For one thing, this melodrama about a widow who happens to be a glamorous courtesan as well as loving mother is in Mandarin rather than the Cantonese of such as Prince of Broadcasters or The Window. For another, it boasts the kind of sumptuous sets that are characteristic of the circa 1960s Shaw Brothers movies. For a third, its focus is not on young adults but, rather, a woman (essayed by Julie Yeh Feng) with the kind of curves that bear testimony to her being in her physical prime, the pianist-music teacher who falls for her (Ling Yun) and her pre-teen daughter (Petrina Fung Bo Bo -- who I still can't quite believe that I had the privilege of meeting earlier this year!) who also happens to be his music student.

Alternatively, I'll grant that this movie is similar to those that Lung Kong would go on to helm in that it does seek to socially educate as well as tell a bitter-sweet tale of a good woman and good man who find numerous obstacles standing in the way of their long-term love and happiness. Also, much to my great pleasure, the film is yet another from that era that begans with establishing shots of Hong Kong -- and this time in color rather than black and white -- that allow audience members to feast their eyes on panoramic views of a city with far fewer and lower structures than are to be found in the present day.

Still, when all is said and done, the best thing about this film has to be its charismatic female lead. Admittedly, it can be a bit disconcerting to see Julie Yeh Feng in a Shaw Brothers rather than Cathay movie. And for all of her obvious sex appeal, I do think she's best when playing elder sister to Jeannette Lin Cui (in such as Our Sister Hedy and Sister Long Legs). However, I'm not going to complain much about Yeh Feng's appearance in this movie -- not least because the audience is treated to her singing the kind of soulful song that tears at one's heart and -- yes, I admit it -- got my tears flowing (if not the first time around, then later on in the work after certain events take place that give added weight and meaning to the song's lyrics).

My rating for this film: 6.5

Monday, April 19, 2010

Up to (near) the top of Victoria Peak (Photo-essay)

There's a common misconception that if you take the Peak Tram up from Central, you'll get to Victoria Peak (AKA The Peak). But the truth of the matter is that rather than reaching the summit of Hong Kong Island's highest hill (or mountain), the fact is that the area which is crowned by buildings such as the anvil shaped Peak Tower actually is only Victoria Gap - and is more than 150 meters below the summit of Victoria Peak proper.

Something else that many people don't realize is that Victoria Gap is the hub for a number of hikes -- including a scenic 3.5 kilometer loop and longer ones down to Aberdeen, Admiralty, the Mid-Levels, and Pok Fu Lam. Thus it was that when my hiking companion and I went hiking in the area one nice October day, we found ourselves able to enjoy a surprising amount of piece and quiet as well as beautiful scenery just a few minutes after we headed away and up hill from our hike start at Victoria Gap...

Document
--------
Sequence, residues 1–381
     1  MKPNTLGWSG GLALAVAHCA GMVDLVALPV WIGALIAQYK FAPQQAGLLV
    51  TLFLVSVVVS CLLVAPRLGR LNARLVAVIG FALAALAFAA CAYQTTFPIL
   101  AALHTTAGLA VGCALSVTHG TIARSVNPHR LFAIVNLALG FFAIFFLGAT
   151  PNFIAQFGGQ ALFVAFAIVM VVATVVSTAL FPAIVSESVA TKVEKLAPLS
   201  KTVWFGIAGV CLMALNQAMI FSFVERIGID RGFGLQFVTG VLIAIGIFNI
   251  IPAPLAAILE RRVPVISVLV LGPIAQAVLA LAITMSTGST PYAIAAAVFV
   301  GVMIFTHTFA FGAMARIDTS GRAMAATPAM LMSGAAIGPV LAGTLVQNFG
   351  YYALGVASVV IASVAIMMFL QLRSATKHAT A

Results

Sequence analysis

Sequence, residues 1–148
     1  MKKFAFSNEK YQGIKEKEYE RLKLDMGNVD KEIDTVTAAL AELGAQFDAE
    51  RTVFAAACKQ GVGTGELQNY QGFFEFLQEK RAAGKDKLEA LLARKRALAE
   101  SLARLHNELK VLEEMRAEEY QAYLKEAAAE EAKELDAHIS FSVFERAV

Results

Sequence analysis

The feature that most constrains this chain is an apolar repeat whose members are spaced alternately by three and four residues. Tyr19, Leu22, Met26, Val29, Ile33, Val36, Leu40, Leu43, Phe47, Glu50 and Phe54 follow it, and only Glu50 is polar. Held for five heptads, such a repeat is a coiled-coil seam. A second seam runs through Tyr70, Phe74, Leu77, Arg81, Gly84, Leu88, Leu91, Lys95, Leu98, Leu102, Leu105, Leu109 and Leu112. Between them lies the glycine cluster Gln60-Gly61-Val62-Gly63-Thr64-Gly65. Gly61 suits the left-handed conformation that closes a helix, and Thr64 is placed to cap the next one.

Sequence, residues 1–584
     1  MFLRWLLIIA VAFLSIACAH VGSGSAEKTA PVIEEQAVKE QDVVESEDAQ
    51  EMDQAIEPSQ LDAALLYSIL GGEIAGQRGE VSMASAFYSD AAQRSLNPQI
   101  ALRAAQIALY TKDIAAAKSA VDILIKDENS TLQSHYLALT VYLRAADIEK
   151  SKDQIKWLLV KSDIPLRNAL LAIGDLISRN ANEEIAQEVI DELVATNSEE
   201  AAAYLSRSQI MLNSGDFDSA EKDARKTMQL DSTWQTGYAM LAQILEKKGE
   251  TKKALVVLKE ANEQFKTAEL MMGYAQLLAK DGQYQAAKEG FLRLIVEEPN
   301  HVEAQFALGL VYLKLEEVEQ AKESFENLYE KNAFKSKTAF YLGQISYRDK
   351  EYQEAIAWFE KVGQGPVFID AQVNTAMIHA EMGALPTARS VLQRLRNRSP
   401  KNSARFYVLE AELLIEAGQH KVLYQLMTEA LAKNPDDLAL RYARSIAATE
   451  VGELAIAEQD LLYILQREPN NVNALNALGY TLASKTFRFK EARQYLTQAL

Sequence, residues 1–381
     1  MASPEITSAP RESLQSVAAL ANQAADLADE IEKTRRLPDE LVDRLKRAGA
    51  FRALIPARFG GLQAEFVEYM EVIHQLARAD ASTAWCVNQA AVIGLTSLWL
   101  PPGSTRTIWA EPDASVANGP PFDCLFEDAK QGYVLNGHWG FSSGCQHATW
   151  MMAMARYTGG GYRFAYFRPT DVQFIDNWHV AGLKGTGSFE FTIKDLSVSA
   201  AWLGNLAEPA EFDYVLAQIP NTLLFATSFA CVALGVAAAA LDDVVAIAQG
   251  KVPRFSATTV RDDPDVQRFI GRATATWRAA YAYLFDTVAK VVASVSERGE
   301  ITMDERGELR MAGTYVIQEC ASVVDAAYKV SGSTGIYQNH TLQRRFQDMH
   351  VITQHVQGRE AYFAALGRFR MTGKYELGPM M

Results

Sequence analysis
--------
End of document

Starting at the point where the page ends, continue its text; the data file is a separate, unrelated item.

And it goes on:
Not quite what one expects to see at the beginning
of an official trail -- especially one known as
The Governor's Walk -- but we pressed on nonetheless!

Shortly after, my hiking companion and I were rewarded with
this view of Victoria Peak that most people haven't seen
A few minutes after that, we came across this
natural rock formation that I reckon rivals Tai Lam
Country's Park "The Monkey" for monkey-ness... ;b

Part of the surprisingly uncrowded --
and, to be honest, also surprisingly crumbly -- trail
that we went along for part of our hike that day

A cave we came across up on Victoria Peak
that gave my hiking companion and I the creeps
as it got us imagining that an illegal immigrant
or wild man was going to burst out from there!

Not long afterwards, however, we came across
this frog-shaped garbage bin... and realized
that we were back in civilization! ;b

Victoria Peak Garden (in the foreground of the photo)
-- not quite the summit yet but still some 150 meters
higher than Victoria Gap and 554 meters above sea level

Yes, it takes a bit of effort to get up there --
but I do feel that the views really are worth it! :)

Sunday, April 18, 2010

"That's worth flying all the way to Hong Kong for..."*

A meal for two that looks well balanced --
with carbs (rice), vegetables (tung choi), meat, dipping sauces
(including one made from plum) and liquids (tea and beer)...

...but one look at the meats gets one realizing
it's more decadently delicious than good for you! ;b

Earlier today, a friend enquired when I started writing my blog -- and it was a with a bit of a jolt that I got to recalling that I started this blog back in 2006. Looking back to that time in my life, I also got to realizing how different it all was for me then. For one thing, I was living in Penang rather than Hong Kong then. For another, I was just watching on TV -- and in Hong Kong movies ;) -- things that I get the chance to do, and go about doing, as a matter of course these days.

As an example, one of my favorite TV shows back then was Anthony Bourdain's No Reservations -- with his Hong Kong episode being one of my favorites in the series. Watching the episode for the first time, it tickled me to no end that he was taken to dine at the Four Seasons Claypot Rice place that my mother and I had previously discovered and would regularly go to on our visits to The Big Lychee.